Since then, Commission staff has engaged with the Participants with a focus on trying to ensure that project management, resource, and governance deficiencies are addressed, including development of a credible and comprehensive work plan with verifiable milestones.[22] Among other things, Commission staff has encouraged the Participants to enhance their focus on project management and accountability.[23] As sophisticated market participants with vast experience related to various data systems and data management protocols, the Participants are capable of Start Printed Page 48460managing—and uniquely situated to manage—the implementation of the CAT.

On May 1, 2018, the SEC's Division of Trading and Markets (“Division”) sent a letter to the Participants expressing concern about the lack of progress on CAT implementation. The Division called on senior personnel at each Participant to focus on completing the CAT as soon as practicable with all of the functionality required by the CAT NMS Plan. The Division also requested a master plan (“Master Plan”) for completing the CAT,[24] including a timeline with development and completion milestones.[25] The Division requested that the Master Plan detail all material steps to fully implement both Participant and Industry Member reporting, and describe how the Participants will better manage the Plan Processor's performance. The Participants submitted the requested Master Plan on May 25, 2018. The Master Plan stated that Participant reporting would begin on November 15, 2018, one year past the deadline in the CAT NMS Plan.[26]

On November 15, 2018, the Participants began reporting quote, order, trade and other transaction data to the Central Repository; however, as the Participants acknowledge, the CAT system did not include all of the functionality required by the CAT NMS Plan, such as linkages between reported events and regulators' query functionality.[27] On November 16, 2018, the Participants stated that Thesys CAT would complete all of the required functionality by March 31, 2019.[28] But on February 1, 2019, the Company announced that it would be transitioning from Thesys CAT to a new Plan Processor,[29] and on February 26, 2019, the Operating Committee voted to select FINRA as the successor Plan Processor to Thesys CAT.[30] As a result of this and various other factors, the functionality the Participants represented Thesys CAT would complete by March 31, 2019 was not delivered.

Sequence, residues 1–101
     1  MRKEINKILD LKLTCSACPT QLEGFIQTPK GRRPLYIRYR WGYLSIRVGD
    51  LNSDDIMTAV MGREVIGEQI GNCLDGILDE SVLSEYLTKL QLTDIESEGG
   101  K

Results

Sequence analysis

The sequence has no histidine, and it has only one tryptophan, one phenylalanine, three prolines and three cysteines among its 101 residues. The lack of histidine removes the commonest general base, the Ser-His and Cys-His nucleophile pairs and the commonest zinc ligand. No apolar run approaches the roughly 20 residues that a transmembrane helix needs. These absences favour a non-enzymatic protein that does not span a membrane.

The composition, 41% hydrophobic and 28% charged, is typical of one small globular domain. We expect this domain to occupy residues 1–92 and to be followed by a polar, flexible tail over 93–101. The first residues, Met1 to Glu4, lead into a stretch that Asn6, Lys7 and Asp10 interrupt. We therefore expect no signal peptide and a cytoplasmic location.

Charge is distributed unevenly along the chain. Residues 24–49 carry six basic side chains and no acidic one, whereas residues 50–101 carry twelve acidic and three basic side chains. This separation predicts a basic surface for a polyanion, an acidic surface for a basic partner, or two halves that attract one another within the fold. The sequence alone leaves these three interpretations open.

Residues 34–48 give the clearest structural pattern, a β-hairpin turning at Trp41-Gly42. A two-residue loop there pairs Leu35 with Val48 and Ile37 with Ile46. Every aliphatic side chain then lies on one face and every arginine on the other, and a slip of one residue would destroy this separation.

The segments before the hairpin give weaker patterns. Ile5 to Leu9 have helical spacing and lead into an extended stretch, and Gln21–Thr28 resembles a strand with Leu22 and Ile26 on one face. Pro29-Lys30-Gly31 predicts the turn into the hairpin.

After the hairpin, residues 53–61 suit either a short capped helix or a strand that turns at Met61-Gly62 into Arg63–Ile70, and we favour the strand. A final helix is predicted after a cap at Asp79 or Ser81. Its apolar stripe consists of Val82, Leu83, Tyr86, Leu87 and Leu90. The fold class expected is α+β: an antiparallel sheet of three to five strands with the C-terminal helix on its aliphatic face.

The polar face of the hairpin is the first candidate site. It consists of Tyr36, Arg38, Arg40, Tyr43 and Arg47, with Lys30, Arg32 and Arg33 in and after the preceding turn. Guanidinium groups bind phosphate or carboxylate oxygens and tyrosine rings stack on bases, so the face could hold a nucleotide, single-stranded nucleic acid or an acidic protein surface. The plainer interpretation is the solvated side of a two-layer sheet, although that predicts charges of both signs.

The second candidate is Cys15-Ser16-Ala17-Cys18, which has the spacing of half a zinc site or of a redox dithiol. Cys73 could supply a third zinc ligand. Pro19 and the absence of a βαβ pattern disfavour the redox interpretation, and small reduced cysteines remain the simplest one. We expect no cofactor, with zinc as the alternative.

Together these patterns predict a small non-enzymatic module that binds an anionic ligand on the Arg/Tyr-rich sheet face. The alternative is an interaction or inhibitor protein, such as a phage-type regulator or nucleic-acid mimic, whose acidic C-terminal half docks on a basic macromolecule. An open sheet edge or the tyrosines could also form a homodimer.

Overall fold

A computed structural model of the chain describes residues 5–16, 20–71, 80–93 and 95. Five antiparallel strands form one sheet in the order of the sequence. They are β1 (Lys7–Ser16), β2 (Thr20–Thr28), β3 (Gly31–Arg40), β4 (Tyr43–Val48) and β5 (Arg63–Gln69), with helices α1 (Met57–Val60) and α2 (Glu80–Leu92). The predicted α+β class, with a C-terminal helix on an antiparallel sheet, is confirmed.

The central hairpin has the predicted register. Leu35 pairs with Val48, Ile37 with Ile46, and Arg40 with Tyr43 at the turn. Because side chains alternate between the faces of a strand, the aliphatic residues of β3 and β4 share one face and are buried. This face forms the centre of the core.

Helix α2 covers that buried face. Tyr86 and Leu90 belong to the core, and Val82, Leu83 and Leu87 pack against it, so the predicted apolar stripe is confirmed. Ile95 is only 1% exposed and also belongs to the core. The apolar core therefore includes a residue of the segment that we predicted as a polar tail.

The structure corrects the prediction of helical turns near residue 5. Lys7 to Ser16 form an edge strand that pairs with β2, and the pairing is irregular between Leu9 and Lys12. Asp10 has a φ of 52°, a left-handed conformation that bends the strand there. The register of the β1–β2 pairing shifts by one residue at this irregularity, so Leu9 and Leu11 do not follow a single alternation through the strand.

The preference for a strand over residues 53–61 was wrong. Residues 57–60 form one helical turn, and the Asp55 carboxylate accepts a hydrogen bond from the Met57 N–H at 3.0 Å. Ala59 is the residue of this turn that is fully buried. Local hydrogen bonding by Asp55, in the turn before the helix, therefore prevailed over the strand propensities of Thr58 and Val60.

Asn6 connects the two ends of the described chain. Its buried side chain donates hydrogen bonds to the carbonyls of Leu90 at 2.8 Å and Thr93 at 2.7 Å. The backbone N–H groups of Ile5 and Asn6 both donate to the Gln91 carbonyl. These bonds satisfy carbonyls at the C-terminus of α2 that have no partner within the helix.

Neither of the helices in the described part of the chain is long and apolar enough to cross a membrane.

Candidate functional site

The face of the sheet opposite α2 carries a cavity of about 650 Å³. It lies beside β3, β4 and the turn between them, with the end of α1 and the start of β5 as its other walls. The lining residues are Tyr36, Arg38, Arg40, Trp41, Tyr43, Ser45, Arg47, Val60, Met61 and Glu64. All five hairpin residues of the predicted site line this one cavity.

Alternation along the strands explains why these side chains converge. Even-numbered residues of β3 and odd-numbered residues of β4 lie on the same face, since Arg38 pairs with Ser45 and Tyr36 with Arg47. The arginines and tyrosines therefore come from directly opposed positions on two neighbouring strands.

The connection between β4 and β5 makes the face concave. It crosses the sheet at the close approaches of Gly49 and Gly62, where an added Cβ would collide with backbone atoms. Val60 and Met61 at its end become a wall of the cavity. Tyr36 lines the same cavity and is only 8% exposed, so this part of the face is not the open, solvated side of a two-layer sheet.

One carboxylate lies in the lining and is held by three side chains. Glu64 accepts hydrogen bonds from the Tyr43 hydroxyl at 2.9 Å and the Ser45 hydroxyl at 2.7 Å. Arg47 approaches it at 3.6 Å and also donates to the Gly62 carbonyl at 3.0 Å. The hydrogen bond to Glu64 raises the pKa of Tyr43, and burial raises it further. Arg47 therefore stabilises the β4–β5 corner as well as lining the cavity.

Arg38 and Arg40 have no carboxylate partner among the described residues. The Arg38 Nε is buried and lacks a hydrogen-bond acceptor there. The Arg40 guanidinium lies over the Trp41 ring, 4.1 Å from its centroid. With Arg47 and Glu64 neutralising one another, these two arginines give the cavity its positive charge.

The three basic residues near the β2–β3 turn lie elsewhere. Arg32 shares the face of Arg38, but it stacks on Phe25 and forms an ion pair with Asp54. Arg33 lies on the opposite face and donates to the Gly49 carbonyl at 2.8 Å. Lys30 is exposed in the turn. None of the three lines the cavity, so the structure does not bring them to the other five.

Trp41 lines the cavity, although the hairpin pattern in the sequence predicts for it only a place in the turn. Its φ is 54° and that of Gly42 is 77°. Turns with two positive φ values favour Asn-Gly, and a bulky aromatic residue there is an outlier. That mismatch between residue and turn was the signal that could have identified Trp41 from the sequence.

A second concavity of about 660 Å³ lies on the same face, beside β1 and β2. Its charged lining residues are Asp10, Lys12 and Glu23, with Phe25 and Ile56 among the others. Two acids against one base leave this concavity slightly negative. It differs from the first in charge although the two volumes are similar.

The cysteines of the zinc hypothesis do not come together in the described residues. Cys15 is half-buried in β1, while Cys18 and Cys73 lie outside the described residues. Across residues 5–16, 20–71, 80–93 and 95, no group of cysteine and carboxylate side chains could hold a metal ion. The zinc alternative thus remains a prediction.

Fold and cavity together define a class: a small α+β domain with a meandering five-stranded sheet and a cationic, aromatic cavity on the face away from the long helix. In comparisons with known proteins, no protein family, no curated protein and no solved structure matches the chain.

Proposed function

The Participants are responsible for their selection of a Plan Processor, for the management of the Plan Processor, and for compliance with the CAT NMS Plan. The Participants and the Plan Processor failed to comply with the following deadlines in the CAT NMS Plan and missed the following milestone completion dates:

  • The November 15, 2017 milestone completion date for the Plan Processor publishing final technical specifications for the submission of order data for Industry Members; [31]